Pusa Institute made bio-decomposer helping farmers: Kejriwal


National | Written by : IANS| Updated:


Pusa Institute made bio-decomposer helping farmers: Kejriwal

New Delhi, Sep 13 (IANS) Delhi Chief Minister Arvind Kejriwal on Monday expressed happiness over the success rate of a Pusa Institute-made bio-decomposer, citing a report by WAPCOS -- a Union government undertaking -- and urged other states to follow Delhi's footsteps in reducing pollution caused due to stubble burning.

"WAPCOS went to 15 villages across four districts and interacted with 79 farmers. Based on that information, the Central government undertaking has said Delhi farmers are happy after using the decomposer and its results are encouraging," Kejriwal said while addressing a virtual press meet on Monday.

"As per the report, 90 per cent of farmers said stubble in their farmland decomposed within 15-20 days and their fields were ready for the next season's crop. Earlier, they had to plough their land six to seven times to grow wheat, however, after using the bio-decomposer, it took them only two-three ploughings."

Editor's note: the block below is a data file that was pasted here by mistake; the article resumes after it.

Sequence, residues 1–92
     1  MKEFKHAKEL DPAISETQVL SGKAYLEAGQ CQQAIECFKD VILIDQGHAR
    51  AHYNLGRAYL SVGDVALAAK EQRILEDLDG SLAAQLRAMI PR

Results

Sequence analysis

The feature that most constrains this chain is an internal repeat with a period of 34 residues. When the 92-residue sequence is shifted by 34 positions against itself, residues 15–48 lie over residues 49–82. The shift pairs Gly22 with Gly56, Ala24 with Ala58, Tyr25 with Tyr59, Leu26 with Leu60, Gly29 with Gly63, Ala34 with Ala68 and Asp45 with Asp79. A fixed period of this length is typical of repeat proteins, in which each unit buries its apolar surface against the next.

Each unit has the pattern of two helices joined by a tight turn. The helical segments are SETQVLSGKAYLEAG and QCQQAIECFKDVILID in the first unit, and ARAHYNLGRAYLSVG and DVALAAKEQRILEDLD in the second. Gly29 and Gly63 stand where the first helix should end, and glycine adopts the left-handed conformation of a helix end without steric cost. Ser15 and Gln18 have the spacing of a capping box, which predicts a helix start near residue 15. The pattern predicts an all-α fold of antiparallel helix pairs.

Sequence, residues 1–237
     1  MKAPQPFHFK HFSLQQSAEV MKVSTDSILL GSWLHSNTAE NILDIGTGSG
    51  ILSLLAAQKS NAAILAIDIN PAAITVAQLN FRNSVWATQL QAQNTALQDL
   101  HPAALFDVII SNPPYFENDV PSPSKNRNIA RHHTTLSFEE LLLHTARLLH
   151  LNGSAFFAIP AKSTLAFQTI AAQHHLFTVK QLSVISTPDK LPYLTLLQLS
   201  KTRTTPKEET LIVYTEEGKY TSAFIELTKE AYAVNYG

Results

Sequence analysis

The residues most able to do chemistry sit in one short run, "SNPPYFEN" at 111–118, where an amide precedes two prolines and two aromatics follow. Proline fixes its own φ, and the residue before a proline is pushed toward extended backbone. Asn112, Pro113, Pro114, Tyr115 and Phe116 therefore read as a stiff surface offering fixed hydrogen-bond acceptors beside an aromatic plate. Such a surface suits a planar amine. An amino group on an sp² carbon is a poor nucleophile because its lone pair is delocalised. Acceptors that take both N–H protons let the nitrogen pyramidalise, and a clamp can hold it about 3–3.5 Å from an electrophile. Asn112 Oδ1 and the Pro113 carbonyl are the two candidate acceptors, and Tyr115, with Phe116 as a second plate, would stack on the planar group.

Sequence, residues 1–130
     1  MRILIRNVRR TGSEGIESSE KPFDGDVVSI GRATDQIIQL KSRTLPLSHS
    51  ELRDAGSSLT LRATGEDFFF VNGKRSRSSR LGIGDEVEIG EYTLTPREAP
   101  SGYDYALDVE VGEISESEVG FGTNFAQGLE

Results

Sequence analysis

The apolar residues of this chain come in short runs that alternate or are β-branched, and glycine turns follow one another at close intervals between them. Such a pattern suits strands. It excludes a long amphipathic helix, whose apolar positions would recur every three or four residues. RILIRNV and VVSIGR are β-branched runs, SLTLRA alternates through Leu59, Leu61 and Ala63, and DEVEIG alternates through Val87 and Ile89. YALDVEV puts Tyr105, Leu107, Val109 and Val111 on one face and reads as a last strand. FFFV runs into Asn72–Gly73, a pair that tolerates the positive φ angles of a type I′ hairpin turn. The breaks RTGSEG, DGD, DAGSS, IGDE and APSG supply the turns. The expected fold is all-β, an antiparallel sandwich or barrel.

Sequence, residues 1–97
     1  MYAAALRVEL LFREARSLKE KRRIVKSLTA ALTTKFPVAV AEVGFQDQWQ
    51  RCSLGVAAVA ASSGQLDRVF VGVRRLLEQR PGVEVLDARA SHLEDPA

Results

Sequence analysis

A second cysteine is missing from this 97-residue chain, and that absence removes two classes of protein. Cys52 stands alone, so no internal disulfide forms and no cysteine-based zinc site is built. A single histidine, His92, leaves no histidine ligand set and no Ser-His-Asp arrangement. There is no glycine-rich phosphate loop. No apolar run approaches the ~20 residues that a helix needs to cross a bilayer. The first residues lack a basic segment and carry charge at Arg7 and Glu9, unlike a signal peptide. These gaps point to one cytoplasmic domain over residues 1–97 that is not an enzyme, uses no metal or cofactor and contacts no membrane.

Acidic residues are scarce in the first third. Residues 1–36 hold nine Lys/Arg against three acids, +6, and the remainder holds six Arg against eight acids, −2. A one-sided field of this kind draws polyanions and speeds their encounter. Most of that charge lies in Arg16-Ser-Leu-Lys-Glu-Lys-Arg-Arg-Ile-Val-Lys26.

"Organic carbon in their fields increased by 40 per cent after the use of this new bio-decomposer as the crop residue became manure. The amount of nitrogen, too, increased by 24 per cent and good bacteria and fungus increased by 7 per cent and 3 per cent, respectively. Other than that the soil quality was so enhanced that the germination of wheat crop increased by 17-20 per cent."

"About 50 per cent of farmers accepted that the usage of DAP manure per acre reduced to 36-40 per cent from earlier 46 per cent, resulting in an 8 per cent increase in the production of wheat crop," the Delhi Chief Minister added quoting the report.

He said earlier fines were being imposed on farmers for stubble burning, but it was not their fault but the government's responsibility to resolve the problem.

Kejriwal urged the Central government to encourage other states to follow Delhi's model so that farmers in the neighbouring states can also take advantage of this facility.

With the onset of the winter season, as farmers in the neighbouring states of Punjab, Haryana and Uttar Pradesh prepare their fields for the (kharif/rabi season) crops, they burn the crop residue which leads to 'very bad' air quality in the national capital. This gives rise to massive air pollution and causes respiratory health problems in its citizens.